September 23, 2011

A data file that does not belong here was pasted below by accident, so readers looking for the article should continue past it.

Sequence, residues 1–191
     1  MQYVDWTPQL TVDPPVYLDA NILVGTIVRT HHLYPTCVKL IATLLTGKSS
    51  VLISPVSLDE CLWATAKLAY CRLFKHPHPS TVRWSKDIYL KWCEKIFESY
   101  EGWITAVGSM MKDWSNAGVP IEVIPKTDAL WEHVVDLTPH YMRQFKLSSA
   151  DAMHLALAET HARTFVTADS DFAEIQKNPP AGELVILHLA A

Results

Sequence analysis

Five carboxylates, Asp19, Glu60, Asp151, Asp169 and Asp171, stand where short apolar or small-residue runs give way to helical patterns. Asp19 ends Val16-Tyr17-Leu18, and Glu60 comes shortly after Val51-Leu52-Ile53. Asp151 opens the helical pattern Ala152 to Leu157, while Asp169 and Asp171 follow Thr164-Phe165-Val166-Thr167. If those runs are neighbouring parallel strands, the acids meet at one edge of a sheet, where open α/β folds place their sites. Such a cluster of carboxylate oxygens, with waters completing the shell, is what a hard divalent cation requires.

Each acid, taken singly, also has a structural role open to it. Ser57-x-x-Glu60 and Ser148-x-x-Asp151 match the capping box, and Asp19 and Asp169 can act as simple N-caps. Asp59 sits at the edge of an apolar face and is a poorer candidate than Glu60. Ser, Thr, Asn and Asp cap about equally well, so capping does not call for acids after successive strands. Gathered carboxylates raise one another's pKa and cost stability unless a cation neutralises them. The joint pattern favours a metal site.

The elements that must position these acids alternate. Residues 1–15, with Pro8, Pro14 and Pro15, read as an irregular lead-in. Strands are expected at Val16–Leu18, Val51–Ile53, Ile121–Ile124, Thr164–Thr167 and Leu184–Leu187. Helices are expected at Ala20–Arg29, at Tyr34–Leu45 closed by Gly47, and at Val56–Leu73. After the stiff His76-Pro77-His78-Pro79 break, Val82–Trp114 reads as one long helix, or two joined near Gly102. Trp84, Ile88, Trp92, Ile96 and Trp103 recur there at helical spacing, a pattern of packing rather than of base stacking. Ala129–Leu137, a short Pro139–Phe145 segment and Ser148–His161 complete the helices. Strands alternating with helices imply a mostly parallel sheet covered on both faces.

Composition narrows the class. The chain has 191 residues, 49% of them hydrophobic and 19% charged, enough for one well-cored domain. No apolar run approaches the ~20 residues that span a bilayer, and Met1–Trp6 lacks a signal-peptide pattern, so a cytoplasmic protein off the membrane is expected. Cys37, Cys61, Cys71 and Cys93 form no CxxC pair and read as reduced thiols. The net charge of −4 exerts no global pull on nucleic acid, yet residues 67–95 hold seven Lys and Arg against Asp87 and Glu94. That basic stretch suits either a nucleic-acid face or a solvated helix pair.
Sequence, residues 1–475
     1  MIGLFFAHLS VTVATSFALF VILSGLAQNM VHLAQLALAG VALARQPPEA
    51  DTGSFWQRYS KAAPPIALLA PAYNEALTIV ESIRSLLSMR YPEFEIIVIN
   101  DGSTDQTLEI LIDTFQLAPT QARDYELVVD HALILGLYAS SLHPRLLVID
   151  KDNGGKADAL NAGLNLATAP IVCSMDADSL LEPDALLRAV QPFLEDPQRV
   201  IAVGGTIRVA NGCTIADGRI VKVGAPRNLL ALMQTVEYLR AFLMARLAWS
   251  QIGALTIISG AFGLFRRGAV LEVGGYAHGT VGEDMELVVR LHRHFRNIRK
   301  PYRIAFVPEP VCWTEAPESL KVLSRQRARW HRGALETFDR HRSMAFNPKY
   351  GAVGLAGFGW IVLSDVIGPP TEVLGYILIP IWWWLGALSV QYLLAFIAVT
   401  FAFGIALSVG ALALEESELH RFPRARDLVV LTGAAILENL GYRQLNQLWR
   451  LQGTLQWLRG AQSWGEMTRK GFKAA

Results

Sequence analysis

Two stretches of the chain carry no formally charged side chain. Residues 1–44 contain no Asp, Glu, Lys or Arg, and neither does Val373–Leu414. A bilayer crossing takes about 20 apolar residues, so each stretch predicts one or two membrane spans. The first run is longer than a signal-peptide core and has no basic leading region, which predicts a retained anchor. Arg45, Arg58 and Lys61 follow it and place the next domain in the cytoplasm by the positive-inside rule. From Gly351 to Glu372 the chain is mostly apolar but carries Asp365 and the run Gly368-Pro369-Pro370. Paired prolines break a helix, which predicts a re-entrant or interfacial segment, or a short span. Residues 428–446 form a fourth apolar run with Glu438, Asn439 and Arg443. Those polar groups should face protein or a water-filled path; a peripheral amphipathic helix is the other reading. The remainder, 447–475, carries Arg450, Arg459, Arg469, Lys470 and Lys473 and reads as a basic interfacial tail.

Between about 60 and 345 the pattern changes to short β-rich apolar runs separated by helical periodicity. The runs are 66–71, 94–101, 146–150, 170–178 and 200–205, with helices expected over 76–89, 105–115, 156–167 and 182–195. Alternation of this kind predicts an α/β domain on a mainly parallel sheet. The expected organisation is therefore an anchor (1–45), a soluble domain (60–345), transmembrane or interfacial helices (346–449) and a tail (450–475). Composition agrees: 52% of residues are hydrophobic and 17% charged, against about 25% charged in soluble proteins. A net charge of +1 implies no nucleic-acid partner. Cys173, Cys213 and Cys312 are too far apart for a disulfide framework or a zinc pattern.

Political Science Professors Angelique Davis and Rose Ernst (right) recently published “Racial Spectacles: Promoting a Colorblind Agenda through Direct Democracy” in Studies in Law, Politics and Society (Volume 5, 2011).In their article, Davis and Ernst examine citizen initiatives as they relate to racially marginalized groups. “We developed the concept of “racial spectacles” to describe the narrative vehicles that serve to symbolically reassert and reinforce real existing racial hierarchies and inequalities,” Davis said. Through an analysis of five statewide anti-affirmative action initiative campaigns from 1996 to 2008, Davis and Ernst explored both macro and micro political dynamics: public displays of these campaigns as well as individual, private agency expressed in the public and private act of voting; court decisions in initiative litigation as well as individual and interest group participation in these cases. Davis, who joined the Political Science Department in 2005, focuses her research on socio-legal issues and critical race theory, particularly in the areas of racial categorization, official apologies and reparations, and lawyer-legislators of color. Currently in press is her book chapter “Political Blackness: a Sociopolitical Construction of Blackness Post-Loving v. Virginia,” in Loving in a “Post-racial” World: New Legal Approaches to Interracial Marriages and Relationships (Kevin Malliard and Rose Cuison Villazor, eds., Cambridge University Press) and a forthcoming article in the Berkeley La Raza Law Journal titled, “Descriptive Representation Matters: The Connection Between Access to Legal Education and Nonwhite Lawyer-Legislators in the United States.”Ernst, who has been on the faculty of the College of Arts and Sciences since 2007, focuses her research on social movements and change, public policy, critical race theory, and the politics of race, gender, class, and sexuality. In 2010, NYU Press published her book The Price of Progressive Politics: The Welfare Rights Movement in an Era of Colorblind Racism.The College of Arts and Sciences, the largest college in Seattle University, offers 33 undergraduate and 7 advanced degrees.
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